Reading time ( words)
In an upcoming issue of The PCB Design Magazine, we will discuss a question that you've undoubtedly faced in your job: Whose fault is it when the board fails?
Of course, everyone likes to blame the PCB designer. But think about it. Is the board shop at fault, or perhaps the EMS provider? Is it the customer's fault? Or does the designer bear some of the blame after all? Take this quick survey and let your voice be heard!
To take this quick survey, click here.
Yuriy Shlepnev, Simberian
A typical PCB design usually starts with the material selection and stackup definition—the stackup planning or design exploration stage. How reliable are the data provided by the material vendors and PCB manufacturers? Can we use these data to predict trace width and spacing for the target trace impedance or to calculate delays or evaluate the loss budget?
Andy Shaughnessy, Design007 Magazine
For years, I’ve been running into Susy Webb at PCB West, where one of the classes she teaches is PCB design basics. I always ask Susy about the class, especially the attendees’ backgrounds. Over the years, her class has begun drawing more and more degreed engineers, with fewer “traditional” PCB designers attending. I asked Susy to discuss the next generation of PCB designers, some of the trends she’s seeing among new PCB designers, and the need for designers to take charge of their own design training, whether their management agrees or not.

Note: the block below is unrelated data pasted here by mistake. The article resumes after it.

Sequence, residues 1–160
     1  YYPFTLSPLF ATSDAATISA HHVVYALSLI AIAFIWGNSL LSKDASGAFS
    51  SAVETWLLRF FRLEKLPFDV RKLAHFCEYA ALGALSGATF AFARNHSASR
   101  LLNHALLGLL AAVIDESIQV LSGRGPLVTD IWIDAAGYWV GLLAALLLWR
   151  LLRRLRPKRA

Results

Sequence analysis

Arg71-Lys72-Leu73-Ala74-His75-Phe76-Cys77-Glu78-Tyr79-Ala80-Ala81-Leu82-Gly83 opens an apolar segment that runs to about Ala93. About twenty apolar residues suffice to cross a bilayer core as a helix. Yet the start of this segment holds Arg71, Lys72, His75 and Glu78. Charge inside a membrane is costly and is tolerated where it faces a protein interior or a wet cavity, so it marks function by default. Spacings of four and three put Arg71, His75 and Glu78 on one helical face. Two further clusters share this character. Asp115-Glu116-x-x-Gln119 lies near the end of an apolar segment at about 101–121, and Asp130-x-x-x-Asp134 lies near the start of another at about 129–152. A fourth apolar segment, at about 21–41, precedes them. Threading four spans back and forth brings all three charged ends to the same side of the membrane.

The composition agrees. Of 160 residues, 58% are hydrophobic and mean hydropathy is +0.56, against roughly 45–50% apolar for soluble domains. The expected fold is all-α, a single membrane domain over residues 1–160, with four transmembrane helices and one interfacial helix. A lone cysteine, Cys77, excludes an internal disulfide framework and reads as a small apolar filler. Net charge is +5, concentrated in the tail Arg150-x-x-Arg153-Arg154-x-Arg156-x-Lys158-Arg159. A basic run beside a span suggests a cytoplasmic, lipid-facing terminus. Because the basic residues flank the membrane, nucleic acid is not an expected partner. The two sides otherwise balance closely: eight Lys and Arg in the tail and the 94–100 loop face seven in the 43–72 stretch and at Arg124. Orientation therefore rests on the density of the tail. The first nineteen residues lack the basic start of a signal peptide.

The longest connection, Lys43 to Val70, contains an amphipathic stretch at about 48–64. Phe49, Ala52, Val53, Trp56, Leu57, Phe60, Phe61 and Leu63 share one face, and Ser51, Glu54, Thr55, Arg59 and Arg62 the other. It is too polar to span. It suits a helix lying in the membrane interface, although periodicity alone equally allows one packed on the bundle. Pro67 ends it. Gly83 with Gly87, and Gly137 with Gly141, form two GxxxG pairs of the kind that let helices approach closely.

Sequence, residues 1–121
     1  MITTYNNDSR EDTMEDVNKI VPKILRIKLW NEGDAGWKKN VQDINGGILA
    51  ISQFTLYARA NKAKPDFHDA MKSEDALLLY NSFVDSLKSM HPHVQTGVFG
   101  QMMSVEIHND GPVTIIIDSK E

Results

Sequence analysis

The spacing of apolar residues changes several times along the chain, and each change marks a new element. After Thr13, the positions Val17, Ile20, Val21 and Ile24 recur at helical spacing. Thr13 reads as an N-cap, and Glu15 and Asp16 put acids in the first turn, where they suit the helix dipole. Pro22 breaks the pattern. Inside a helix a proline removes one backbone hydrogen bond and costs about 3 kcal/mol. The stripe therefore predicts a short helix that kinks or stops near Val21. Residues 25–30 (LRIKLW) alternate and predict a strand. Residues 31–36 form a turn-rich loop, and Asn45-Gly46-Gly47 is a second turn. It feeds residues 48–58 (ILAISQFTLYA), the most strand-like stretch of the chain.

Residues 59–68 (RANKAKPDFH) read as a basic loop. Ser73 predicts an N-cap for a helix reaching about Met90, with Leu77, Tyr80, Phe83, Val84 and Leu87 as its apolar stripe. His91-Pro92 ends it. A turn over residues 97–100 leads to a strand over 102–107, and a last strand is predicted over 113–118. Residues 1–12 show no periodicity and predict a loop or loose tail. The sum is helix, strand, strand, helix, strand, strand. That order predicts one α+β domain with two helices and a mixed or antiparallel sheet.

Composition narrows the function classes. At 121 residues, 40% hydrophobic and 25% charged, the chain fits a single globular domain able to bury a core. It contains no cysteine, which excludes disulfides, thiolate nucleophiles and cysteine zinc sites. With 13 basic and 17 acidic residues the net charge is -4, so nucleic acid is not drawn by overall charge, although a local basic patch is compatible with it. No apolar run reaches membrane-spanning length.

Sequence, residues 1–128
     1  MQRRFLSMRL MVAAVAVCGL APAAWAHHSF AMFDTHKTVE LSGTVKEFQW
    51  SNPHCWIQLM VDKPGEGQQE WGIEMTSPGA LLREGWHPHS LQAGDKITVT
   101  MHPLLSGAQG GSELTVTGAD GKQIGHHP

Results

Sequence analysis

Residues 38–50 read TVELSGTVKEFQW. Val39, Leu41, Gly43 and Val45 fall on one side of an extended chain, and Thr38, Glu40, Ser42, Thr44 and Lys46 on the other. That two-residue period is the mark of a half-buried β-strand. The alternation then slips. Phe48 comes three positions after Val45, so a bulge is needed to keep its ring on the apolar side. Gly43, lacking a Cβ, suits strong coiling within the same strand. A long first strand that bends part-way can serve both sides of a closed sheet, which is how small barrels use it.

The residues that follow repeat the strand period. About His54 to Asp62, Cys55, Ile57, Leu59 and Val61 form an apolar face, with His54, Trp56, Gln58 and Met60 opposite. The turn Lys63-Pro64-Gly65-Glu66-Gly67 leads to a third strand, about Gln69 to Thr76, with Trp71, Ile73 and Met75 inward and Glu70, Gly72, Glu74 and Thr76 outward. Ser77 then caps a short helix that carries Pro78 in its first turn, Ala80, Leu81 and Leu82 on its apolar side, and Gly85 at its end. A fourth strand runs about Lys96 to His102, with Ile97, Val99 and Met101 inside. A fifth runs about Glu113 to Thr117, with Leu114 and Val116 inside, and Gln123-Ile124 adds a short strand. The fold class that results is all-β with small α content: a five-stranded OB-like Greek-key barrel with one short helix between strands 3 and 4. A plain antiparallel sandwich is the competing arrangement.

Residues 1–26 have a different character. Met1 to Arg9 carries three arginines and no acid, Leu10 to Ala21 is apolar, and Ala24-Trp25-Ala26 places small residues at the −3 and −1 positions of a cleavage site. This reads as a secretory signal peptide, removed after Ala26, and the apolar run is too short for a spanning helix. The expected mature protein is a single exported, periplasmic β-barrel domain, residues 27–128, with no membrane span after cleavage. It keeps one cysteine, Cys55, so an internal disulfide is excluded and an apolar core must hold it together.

I-Connect007 Editorial Team
Not too long ago, historically speaking, most electronic products contained only one PCB. But multi-board designs have become almost ubiquitous over the past decade, and EDA software companies are working to improve and simplify the multi-board design process. Editors Andy Shaughnessy and Stephen Las Marias spoke with Ben Jordan, director of product and persona marketing for Altium, about the company’s multi-board design tools, the challenges that customers face, and the numerous trade-offs that designers must contend with while performing multi-board design.